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Thoughts On Process
Some thoughts about my process for managing current investments and researching new ideas
A few people have asked me about my research process for learning about companies and industries so I figured it made sense to write up some thoughts about my process, with the intent of being helpful to readers and also to hopefully codify what I’m doing currently and evaluate which aspects I can improve.
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At a high level, there are three buckets of work one might be doing at any given time:
Monitoring and Reviewing Longs
Finding New Ideas
Monitoring and Reviewing Longs
These are companies you already own so ideally you have a good sense of the story and the key drivers of the business and the stock. This bucket involve monitoring news, reviewing earnings report and transcripts from the quarterly management calls, as well as transcripts from any conferences that management attends. In terms of the decision tree for a core long (and this is different for every investor as everyone has different time horizons) it boils down to:
1. The story is pretty much the same, I’m comfortable with the numbers and managements vision so doing nothing is the appropriate course of action at the present time.
2. The story is deteriorating, I’m not comfortable with the direction that management is taking the company or the guidance they’re providing for the future. Maybe the company’s moat is not as strong as evidenced by contracting margins or slower than guided revenue growth. Maybe management is demonstrating poor capital allocation decisions by spending recklessly on M&A, overpaying for non core assets or companies with little synergy to the existing business. Maybe growth or margins or some other KPI you measured in your initial work is just not going to hit your targets and this is the case where you need to take a sober look at the position and reassess how comfortable you are with the story as it stands today. A stock with a deteriorating underlying business or one that generally doesn’t match your initial assumptions for negative reasons is a good candidate to sell. Whether you sell out of the entire position or reduce the exposure depends on the specific company, but in the context of monitoring your longs, these are the sort of things you want to look out for in terms of making the decision to continue holding the stock.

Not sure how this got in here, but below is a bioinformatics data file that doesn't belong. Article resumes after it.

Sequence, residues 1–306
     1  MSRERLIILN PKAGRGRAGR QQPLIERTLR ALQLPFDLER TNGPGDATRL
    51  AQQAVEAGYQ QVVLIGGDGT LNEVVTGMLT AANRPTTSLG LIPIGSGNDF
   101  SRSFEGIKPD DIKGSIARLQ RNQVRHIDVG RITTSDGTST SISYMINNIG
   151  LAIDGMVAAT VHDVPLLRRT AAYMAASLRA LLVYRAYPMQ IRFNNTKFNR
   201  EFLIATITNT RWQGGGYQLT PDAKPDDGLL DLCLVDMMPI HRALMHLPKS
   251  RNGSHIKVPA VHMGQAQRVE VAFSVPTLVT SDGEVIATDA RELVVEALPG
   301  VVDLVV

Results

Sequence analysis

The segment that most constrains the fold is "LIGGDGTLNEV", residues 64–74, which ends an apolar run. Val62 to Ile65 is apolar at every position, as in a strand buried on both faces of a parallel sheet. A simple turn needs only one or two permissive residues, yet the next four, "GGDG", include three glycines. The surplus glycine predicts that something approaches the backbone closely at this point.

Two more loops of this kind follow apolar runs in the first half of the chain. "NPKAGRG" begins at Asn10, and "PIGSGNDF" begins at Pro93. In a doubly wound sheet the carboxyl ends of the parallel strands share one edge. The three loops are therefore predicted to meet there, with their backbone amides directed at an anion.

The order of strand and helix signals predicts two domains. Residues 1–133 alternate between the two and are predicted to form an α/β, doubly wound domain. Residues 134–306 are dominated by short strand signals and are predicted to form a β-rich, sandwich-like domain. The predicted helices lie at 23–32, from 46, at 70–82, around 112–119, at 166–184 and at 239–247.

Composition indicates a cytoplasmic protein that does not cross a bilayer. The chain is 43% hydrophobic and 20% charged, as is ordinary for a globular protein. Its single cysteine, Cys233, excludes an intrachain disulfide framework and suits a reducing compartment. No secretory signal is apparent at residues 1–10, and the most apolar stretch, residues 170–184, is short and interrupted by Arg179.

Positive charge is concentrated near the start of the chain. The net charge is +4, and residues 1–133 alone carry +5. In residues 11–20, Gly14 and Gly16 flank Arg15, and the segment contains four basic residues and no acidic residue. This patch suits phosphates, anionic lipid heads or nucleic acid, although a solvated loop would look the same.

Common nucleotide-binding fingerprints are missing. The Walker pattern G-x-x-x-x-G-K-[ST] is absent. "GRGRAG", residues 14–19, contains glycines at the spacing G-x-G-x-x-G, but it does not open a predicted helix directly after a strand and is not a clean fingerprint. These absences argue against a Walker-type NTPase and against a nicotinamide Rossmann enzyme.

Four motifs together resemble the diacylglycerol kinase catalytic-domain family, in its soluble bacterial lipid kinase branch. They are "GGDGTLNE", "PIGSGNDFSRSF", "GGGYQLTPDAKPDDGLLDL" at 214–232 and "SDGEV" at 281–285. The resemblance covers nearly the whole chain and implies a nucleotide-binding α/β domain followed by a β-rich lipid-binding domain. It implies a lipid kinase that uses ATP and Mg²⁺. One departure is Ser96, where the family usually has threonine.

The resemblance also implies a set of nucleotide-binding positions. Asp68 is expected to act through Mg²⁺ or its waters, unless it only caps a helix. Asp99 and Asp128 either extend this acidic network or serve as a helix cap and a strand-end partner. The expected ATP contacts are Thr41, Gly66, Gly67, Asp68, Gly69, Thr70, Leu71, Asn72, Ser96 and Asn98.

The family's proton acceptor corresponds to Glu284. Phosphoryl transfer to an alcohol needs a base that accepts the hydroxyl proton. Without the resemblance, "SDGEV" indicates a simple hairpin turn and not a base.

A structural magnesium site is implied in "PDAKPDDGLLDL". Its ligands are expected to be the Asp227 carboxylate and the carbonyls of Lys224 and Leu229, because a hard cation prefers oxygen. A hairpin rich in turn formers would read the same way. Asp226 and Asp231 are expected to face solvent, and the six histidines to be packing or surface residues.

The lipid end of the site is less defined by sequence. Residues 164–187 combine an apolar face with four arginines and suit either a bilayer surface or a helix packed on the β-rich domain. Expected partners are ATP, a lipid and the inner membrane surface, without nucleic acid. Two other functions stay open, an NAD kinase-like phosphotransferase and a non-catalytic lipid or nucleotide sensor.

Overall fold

3. The story is improving or exceeding expectations. This is usually good news because it means the company is outperforming the expectations in your original thesis. What will ultimately determine your actions is your reassessment of the story now that the market has had time to digest to the company’s outperformance. If the market is slow to react to the news, it may be the case that the stock remains undervalued even in the wake of the news.
An example might be a company that is experiencing accelerating revenue growth because of a secular trend. The company reports earnings and the stock goes up as a result of the market learning the positive news. The company rerates from a 10x multiple to a 20x multiple in a day. If you’re able to look at the results and say well it might not be as cheap as before, but i’m still confident this is 15x ntm earnings and maybe 9-10x in two years, it might be a position you want to add to.
This is psychologically difficult.
You’re averaging up. You’re increasing your cost basis and diminishing the return you’ve already earned. It is of the utmost importance to take a cold and sober look at the business’ trajectory and how it lines up with your initial thesis and assumptions. In my experience I have found it more difficult to average up winners than to cut losers, but it can often be the case that good companies tend to compound their competitive advantage and that is why it is so important to not let the psychological difficulty of adding to a position that’s going up get in the way of building a successful position in a great company by averaging up on a winner.
It’s not to say that every time a company exceeds expectations it is a time to buy more stock. The second possibility in this scenario is that while yes that the business exceeded expectations this quarter, on a normalized basis the performance is still just above the upper end of your assumptions and based on the market reaction, you believe the stock to be approximately fairly valued and so you’re comfortable holding the position as is, not adding or reducing.